Cosmic Rays and Supernova Remnants

Mystery of Cosmic Rays

On August 7, 1912, a physicist Victor Hess conducted a balloon flight experiment to investigate natural radiation levels along altitude. He found that the radiation strength became much higher with increasing height against his expectation (Hess, 1912). The radiation event-rate was doubled at an altitude of 5 km. This discovery was confirmed by Robert Millikan in 1925, and he gave the name “cosmic rays” (CRs) to the radiation (Millikan, 1925). The composition of CRs was disentangled from the 1920s to the 1940s. About 90% of CRs is protons, and most of the rest is He. The origin of the CRs was discussed by Enrico Fermi in 1949 (Fermi, 1949). Basic idea is that charged particles are reflected by interstellar magnetic mirrors which are moving forward and backward, and gradually gain energy on average. This random acceleration mechanism is called “second order Fermi acceleration”. After the 1960s, the spectral energy distribution of CRs were started to be investigated using particle detectors on satellites. Now, the energy spectrum is known to have power- law shapes with spectral indices1 of 2.7 below 1015.5 eV (“knee” energy), 3.0 between 1015.5–1018.5 eV (“ankle” energy), and 2.6 above “ankle”. Because of these spectral shapes, two categories of CRs with separate origins are believed to be mixed: “Galactic cosmic rays” and “extragalactic cosmic rays”. Galactic and extragalactic CRs are thought to dominate the energies below and above the ankle, respectively (e.g., Hillas 1984). The energy density of CRs has been found to be ∼ 1 eV cm−3 (Gloeckler & Jokipii, 1967). The chemical composition of CRs has large excess from the solar system abundances especially of light elements and Fe-group elements (Simpson, 1983). The most likely candidate of the origin of the Galactic CRs is supernova remnants (SNRs), because they are almost only sources that can supply the total amount of energy of the Galactic CRs. In addition, since progenitor stars of certain type of SNRs (remnants of Ia-type supernovae) include large amount of metals including Fe-group elements, SNRs may be able to explain the abundance of CRs. Concerning the acceleration mechanism, shock waves of SNRs are thought to cause an efficient acceleration process called “first order Fermi acceleration”. This acceleration mechanism was proposed in 1977–1978 by several researchers and are thought to be the most plausible mechanism for production of Galactic CRs (Axford et al., 1977; Krymsky, 1977; Blandford & Ostriker, 1978; Bell, 1978).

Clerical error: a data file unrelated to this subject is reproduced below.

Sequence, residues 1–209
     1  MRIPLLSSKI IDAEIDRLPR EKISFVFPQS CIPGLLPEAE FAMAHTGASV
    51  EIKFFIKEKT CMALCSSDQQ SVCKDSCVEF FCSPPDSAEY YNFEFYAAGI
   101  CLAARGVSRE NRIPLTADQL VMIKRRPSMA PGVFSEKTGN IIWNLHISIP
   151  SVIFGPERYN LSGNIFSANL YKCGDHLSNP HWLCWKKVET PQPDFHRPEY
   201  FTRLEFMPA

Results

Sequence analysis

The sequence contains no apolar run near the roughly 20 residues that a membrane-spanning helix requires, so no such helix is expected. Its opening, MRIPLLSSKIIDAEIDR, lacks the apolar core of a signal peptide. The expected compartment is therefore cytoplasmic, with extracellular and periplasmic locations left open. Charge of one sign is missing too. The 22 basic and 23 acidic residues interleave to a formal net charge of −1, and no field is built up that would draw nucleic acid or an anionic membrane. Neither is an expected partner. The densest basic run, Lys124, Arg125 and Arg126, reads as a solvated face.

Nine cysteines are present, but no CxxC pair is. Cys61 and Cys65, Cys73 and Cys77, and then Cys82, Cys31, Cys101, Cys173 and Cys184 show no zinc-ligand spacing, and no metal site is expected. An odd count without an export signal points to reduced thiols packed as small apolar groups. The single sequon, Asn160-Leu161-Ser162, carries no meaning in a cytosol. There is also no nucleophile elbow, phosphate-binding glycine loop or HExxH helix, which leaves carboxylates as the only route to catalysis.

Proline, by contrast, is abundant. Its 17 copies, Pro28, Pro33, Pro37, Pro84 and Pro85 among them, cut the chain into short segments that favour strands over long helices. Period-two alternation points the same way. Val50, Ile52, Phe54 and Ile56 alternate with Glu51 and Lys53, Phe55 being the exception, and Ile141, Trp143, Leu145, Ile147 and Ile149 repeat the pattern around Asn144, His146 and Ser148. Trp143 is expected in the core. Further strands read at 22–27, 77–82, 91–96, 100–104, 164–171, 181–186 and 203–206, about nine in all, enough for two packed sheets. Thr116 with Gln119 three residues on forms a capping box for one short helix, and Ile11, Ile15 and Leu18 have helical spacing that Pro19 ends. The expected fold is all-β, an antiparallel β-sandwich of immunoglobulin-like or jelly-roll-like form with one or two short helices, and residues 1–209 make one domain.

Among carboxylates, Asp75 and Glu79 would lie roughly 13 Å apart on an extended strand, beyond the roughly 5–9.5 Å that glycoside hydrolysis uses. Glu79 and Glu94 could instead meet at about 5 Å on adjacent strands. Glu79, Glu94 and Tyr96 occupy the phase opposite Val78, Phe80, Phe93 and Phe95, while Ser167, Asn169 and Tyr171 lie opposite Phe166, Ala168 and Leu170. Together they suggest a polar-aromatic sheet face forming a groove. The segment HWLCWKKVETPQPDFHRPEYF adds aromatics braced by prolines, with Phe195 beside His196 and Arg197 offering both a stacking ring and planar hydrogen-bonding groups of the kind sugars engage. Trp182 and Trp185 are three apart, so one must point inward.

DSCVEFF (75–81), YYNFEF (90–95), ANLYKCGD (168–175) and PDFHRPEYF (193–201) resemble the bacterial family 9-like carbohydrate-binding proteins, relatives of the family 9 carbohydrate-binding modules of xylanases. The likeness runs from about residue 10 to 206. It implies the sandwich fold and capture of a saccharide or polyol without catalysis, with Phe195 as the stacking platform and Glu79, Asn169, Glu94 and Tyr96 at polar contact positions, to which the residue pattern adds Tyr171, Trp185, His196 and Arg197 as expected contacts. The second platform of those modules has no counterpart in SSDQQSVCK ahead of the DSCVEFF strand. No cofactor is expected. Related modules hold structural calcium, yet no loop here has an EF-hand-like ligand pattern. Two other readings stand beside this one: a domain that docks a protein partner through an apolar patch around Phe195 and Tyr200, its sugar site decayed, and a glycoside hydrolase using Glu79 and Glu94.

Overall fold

• How are Galactic / extragalactic cosmic rays accelerated ?
  • Where are they accelerated ?
  • How much amount of energy is accelerated ?
  • When and how are they released into the universe ?

Supernova Remnants as Cosmic-Ray Accelerators

There are two principal scenarios for the cause of supernova explosions: core collapse and thermonuclear supernovae. Core collapse supernovae are caused by the end of the lives of massive stars: main sequence stars with masses M ≳ 8M⊙ (e.g., Woosley & Janka 2005). Thermonuclear supernovae originate from explosive nuclear burnings of white dwarfs when their masses become larger than the Chandrasekhar limit (≈ 1.38M⊙: Chandrasekhar 1931; Hawking & Israel 1989) due to mass accretion from their companion stars. The ejecta of supernova explosions travels with high velocities, which are typically ESN,kin/2Mej ∼ 104 km s−1, where ESN,kin is the kinetic energy of a supernova explosion and Mej is the ejecta mass. These are larger than the sound velocities in the ISM, which are ∼ 10 km s−1, where γad is the adiabatic index, so that they produce shocks in the ISM. Along with the particle acceleration processes, the shock sweeps up the ISM into a hot plasma, which mainly emits X-rays. Thus, the physical parameters in the vicinity of the shock, which are crucial to the acceleration processes, can be measured mainly by X-ray observations.

  • What is the maximum achievable energy?
  • What is the energy distribution of accelerated particles?
  • How are accelerated particles released from the acceleration sites?
  • Does shock-cloud interaction increase or decrease magnetic field turbulence?
  • How do ambient (circumstellar) environments affect acceleration physics?

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